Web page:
Research Repository

Pragmatic randomized controlled trial of long-term psychoanalytic psychotherapy for treatment-resistant depression: the Tavistock Adult Depression Study (TADS)

Fonagy, P and Rost, F and Carlyle, J and McPherson, S and Thomas, R and Pasco Fearon, RM and Goldberg, D and Taylor, D (2015) 'Pragmatic randomized controlled trial of long-term psychoanalytic psychotherapy for treatment-resistant depression: the Tavistock Adult Depression Study (TADS).' World Psychiatry, 14 (3). 312 - 321. ISSN 1723-8617

[img]
Preview
Text
wps0014-0312.pdf

Download (175kB) | Preview

Abstract

This pragmatic randomized controlled trial tested the effectiveness of long-term psychoanalytic psychotherapy (LTPP) as an adjunct to treatment-as-usual according to UK national guidelines (TAU), compared to TAU alone, in patients with long-standing major depression who had failed at least two different treatments and were considered to have treatment-resistant depression. Patients (N=129) were recruited from primary care and randomly allocated to the two treatment conditions. They were assessed at 6-monthly intervals during the 18 months of treatment and at 24, 30 and 42 months during follow-up. The primary outcome measure was the 17-item version of the Hamilton Depression Rating Scale (HDRS-17), with complete remission defined as a HDRS-17 score ?8, and partial remission defined as a HDRS-17 score ?12. Secondary outcome measures included self-reported depression as assessed by the Beck Depression Inventory - II, social functioning as evaluated by the Global Assessment of Functioning, subjective wellbeing as rated by the Clinical Outcomes in Routine Evaluation - Outcome Measure, and satisfaction with general activities as assessed by the Quality of Life Enjoyment and Satisfaction Questionnaire. Complete remission was infrequent in both groups at the end of treatment (9.4% in the LTPP group vs. 6.5% in the control group) as well as at 42-month follow-up (14.9% vs. 4.4%). Partial remission was not significantly more likely in the LTPP than in the control group at the end of treatment (32.1% vs. 23.9%, p=0.37), but significant differences emerged during follow-up (24 months: 38.8% vs. 19.2%, p=0.03; 30 months: 34.7% vs. 12.2%, p=0.008; 42 months: 30.0% vs. 4.4%, p=0.001). Both observer-based and self-reported depression scores showed steeper declines in the LTPP group, alongside greater improvements on measures of social adjustment. These data suggest that LTPP can be useful in improving the long-term outcome of treatment-resistant depression. End-of-treatment evaluations or short follow-ups may miss the emergence of delayed therapeutic benefit.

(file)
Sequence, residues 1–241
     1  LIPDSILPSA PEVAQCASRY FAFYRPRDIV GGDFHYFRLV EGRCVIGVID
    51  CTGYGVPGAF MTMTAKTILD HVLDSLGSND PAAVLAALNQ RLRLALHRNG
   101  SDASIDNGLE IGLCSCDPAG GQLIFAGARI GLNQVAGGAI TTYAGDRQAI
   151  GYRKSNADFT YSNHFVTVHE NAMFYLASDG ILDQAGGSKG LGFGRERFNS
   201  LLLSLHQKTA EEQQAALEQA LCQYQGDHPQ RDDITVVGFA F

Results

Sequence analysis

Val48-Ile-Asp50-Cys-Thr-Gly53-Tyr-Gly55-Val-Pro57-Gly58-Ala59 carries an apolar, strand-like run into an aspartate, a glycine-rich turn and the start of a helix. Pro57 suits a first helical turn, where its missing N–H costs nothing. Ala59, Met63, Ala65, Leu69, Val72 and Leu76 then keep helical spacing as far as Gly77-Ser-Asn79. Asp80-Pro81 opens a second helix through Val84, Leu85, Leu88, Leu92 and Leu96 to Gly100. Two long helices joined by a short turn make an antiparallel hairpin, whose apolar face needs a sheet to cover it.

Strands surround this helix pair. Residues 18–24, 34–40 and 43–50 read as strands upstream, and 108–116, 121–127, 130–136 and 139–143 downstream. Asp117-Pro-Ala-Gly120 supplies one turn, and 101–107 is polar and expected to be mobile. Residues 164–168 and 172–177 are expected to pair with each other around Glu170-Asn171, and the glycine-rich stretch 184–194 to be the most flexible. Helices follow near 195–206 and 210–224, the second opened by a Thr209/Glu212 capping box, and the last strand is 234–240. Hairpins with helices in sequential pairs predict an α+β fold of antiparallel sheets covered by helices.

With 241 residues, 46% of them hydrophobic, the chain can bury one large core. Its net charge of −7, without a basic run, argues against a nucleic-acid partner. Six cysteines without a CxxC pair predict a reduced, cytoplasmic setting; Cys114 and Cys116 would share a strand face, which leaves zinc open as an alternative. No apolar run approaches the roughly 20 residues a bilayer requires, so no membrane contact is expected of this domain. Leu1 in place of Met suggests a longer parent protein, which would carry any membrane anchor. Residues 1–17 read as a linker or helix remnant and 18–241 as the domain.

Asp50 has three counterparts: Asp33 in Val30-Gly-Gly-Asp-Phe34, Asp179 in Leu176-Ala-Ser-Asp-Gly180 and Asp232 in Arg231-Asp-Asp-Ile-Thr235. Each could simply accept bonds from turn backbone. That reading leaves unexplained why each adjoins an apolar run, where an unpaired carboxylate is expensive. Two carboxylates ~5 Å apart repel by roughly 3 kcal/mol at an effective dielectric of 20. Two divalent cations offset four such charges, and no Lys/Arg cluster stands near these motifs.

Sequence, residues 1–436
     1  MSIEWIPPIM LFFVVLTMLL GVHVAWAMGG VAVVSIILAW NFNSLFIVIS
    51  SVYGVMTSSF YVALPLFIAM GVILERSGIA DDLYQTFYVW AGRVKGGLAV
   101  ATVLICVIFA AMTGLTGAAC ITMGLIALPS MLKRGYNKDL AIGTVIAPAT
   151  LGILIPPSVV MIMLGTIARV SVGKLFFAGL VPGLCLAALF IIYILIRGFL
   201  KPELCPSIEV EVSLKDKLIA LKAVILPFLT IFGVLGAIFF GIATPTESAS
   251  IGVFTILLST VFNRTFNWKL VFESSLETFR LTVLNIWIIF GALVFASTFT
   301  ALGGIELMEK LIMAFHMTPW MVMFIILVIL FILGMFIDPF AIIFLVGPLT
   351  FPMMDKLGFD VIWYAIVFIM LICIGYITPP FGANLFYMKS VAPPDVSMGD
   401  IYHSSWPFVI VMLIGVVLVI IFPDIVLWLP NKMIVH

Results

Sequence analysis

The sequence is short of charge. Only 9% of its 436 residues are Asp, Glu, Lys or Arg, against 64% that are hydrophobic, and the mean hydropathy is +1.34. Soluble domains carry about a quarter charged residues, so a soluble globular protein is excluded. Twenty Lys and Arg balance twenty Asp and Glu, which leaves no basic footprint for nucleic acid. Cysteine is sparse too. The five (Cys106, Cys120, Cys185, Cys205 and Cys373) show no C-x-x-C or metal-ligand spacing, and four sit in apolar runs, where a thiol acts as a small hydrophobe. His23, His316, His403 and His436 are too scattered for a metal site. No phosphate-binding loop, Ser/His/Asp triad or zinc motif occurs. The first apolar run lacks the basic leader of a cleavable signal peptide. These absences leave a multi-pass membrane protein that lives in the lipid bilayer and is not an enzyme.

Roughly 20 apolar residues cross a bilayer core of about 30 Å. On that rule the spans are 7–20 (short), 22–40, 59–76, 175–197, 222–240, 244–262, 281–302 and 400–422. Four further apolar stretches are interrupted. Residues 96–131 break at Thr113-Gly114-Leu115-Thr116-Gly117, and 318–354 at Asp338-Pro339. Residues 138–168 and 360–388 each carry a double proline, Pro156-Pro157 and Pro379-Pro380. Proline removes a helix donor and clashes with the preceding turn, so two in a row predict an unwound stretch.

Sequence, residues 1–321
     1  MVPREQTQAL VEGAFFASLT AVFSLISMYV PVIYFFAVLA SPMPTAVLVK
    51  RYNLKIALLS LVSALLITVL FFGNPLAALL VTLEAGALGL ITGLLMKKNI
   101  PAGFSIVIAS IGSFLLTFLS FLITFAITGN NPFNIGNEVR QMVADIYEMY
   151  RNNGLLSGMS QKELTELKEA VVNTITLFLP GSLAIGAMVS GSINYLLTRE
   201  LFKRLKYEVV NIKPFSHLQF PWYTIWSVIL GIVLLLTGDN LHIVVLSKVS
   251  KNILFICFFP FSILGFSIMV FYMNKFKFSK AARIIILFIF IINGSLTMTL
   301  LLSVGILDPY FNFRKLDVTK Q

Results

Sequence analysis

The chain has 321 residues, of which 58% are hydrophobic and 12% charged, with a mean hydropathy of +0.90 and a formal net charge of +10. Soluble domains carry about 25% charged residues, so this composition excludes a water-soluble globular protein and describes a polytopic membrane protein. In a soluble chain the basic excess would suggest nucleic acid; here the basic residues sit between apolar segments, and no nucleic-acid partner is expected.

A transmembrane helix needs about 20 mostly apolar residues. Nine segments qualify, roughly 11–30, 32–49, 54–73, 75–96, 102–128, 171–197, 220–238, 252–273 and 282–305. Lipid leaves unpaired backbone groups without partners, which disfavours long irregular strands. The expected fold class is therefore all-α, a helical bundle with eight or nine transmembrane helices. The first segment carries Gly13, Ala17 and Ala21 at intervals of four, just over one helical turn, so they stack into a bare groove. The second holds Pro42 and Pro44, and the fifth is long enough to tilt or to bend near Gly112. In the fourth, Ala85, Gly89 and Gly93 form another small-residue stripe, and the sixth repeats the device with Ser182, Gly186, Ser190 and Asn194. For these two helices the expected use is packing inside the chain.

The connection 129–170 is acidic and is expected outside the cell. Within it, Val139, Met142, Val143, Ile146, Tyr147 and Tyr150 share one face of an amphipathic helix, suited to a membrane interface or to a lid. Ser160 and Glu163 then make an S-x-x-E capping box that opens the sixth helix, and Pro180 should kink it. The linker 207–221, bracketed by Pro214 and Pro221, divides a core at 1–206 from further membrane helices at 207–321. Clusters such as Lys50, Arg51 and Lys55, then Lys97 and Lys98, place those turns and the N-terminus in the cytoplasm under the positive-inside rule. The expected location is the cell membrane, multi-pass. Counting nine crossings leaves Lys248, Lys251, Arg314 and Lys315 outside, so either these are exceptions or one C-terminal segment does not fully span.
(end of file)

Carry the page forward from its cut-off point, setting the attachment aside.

Item Type: Article
Uncontrolled Keywords: Treatment-resistant depression; psychoanalytic psychotherapy; long-term treatment; delayed therapeutic effect
Subjects: R Medicine > RA Public aspects of medicine > RA790 Mental Health
Divisions: Faculty of Science and Health > Health and Social Care, School of
Depositing User: Jim Jamieson
Date Deposited: 28 Sep 2015 08:38
Last Modified: 26 Feb 2019 11:15
URI: http://repository.essex.ac.uk/id/eprint/15142

Actions (login required)

View Item View Item